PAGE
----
Tess Thomas is the editor of Assembly, a digital publication and newsletter from Malala Fund.
Malala Fund created Assembly, a digital publication and newsletter, to provide girls with a platform to share their stories — and to learn from their peers around the world. In July 2019, Malala Fund published a special print edition to commemorate Assembly’s first year and reach readers who don’t have regular internet access.
The 32-page mini-magazine features articles, essays, stories, photos and illustrations. Readers can learn about a Pakistani illustrator using her art to challenge stereotypes about Muslim women. They can follow a 16-year-old Nepali student through a photo spread of her rowing across a lake to get to school every day. And they can experience a week in the life of a 15-year-old in Lebanon through her diary entries. Most articles appear in English and in the subjects’ native languages, including Amharic, Arabic, Dari, Hausa, Hindi, Portuguese, Spanish and Urdu.
“When I saw the print edition for the first time, I felt proud. I immediately thought a girl somewhere around the world would read my story and it might inspire her to overcome challenges and encourage her to continue their education despite the obstacles,” shared Yazidi refugee and student Nibras Khudaida, whose personal essay about fleeing ISIS and fighting to continue her education appears in the print edition.
“Thanks to this publication, we can share our story and inspire more young women around the world,” explained Pakistani student Azka Athar. The print edition features Azka’s work with Team Auj, an all-female team of university students from Pakistan who build and drive race cars for international competitions.
South African illustrator Tyla Mason created custom art for the issue and helped bring the stories to life. “The articles had such interesting real-life personalities to draw from and I approached it with a youthful, colourful and bold manner to personify the Assembly readership,” said Tyla. “I wanted the characters to be depicted as positive and empowering so that the readers could feel an immediate connection to the subject matter.”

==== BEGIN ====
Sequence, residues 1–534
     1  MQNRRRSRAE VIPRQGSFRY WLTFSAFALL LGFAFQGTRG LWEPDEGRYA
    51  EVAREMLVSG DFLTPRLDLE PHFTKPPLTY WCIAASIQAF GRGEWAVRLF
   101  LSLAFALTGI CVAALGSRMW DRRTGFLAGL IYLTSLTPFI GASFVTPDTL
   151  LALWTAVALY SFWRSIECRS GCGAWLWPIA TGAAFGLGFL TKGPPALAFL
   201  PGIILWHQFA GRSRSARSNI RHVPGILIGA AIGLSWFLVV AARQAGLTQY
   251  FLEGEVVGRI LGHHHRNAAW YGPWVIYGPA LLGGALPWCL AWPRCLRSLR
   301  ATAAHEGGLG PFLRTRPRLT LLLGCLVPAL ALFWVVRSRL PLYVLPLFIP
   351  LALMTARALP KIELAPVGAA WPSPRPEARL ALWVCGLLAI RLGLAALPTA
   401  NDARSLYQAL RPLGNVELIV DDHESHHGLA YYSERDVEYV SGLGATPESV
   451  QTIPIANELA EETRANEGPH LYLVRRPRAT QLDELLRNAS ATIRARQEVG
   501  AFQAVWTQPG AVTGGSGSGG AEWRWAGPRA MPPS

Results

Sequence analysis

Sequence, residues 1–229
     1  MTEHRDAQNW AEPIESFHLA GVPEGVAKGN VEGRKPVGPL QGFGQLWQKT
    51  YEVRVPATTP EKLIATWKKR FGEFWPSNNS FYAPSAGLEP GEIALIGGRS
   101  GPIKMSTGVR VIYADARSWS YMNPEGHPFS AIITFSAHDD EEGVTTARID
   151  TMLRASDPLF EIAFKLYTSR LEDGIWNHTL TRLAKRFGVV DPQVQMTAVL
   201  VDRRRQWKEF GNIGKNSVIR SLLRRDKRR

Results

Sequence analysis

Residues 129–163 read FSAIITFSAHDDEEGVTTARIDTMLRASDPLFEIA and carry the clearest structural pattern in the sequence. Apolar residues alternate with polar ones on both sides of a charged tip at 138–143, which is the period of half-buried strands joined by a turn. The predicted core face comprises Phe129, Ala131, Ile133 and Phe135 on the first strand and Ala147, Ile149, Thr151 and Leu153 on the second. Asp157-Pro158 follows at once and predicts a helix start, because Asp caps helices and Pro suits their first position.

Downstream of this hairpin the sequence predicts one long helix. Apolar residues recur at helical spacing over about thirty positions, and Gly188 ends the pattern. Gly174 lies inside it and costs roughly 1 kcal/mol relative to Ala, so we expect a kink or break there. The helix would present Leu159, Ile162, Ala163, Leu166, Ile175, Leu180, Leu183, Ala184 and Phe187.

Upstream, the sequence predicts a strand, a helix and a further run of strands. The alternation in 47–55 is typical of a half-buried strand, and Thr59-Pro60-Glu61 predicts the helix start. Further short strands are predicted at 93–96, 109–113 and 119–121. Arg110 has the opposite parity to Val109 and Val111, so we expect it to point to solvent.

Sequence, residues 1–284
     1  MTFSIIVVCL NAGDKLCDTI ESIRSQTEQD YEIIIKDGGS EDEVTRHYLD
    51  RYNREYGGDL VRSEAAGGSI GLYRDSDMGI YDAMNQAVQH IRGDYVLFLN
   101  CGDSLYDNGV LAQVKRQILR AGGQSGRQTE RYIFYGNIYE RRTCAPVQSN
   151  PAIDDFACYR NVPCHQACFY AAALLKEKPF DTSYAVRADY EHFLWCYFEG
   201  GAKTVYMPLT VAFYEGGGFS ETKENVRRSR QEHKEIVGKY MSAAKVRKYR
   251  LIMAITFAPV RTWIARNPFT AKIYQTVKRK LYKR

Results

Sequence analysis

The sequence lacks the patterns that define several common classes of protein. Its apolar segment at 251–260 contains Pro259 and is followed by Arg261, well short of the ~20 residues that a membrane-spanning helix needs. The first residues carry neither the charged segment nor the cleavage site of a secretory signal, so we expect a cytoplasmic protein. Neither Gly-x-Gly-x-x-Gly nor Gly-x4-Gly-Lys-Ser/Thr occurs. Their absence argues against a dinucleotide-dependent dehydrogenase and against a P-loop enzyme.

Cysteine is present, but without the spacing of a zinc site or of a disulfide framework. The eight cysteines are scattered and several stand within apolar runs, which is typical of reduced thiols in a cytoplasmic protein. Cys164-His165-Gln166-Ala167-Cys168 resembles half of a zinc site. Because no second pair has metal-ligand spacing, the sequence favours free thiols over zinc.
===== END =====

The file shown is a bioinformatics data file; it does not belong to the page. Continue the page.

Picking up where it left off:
Assembly’s print edition shows what makes this publication truly unique. It’s a place where girls from Brazil, Ethiopia, Iraq, Nepal, Nigeria, Pakistan, Saint Kitts and beyond are able to write about their accomplishments, struggles and hopes for the future.
In July 2019, Malala Fund gave Assembly readers the opportunity to request copies of the print edition through a submission form. Girls and Malala Fund Champions in 22 countries distributed over 2,000 copies in their communities, including in Australia, Bolivia, India, Indonesia, Mexico and Tanzania. 18-year-old student Sukh from New Zealand handed out the print issue to her friends at school, while Peruvian teacher Estefanía Welsch Leveroni plans to give copies to her students in San Lorenzo Alto, a rural community in Cajamarca.
In Nigeria, Malala Fund Champions Habiba Mohammed, director of the Centre for Girls’ Education (CGE), and Rotimi Olawale, co-founder of YouthhubAfrica, used the print edition to initiate conversations about girls’ education and youth leadership with girls in their programmes.
“The print Assembly is very motivating, because the girls get to read stories from girls like them around the world,” Habiba said. “They are not able to access the print via the internet and so this is very important to us all.”
“With these stories, the girls were inspired to take actions and create an impact within the society as leaders irrespective of their age,” said Rotimi, who shared copies at the organisation’s Dora Club.
In Turkey, Malala Fund Champion Metin Çorabatır, founder and president of Research Centre on Asylum and Migration (IGAM), distributed copies at local secondary schools where teachers encouraged students to respond to their favourite articles through letters or drawings.
During a session held by IGAM at Bilkent Secondary School in Ankara, 120 students and teachers discussed the print edition and the importance of education for refugee students. Tenth grade student Utku Mert Yakar said of the experience, “When I finished reading, I did research about Malala Fund and I understood their vision and mission. From now on, I will tell my friends about Malala Fund and the importance of girls’ education. I may even write my own story to Assembly.”
To read the print edition of Assembly, visit: assembly.malala.org/stories/print-edition-assembly.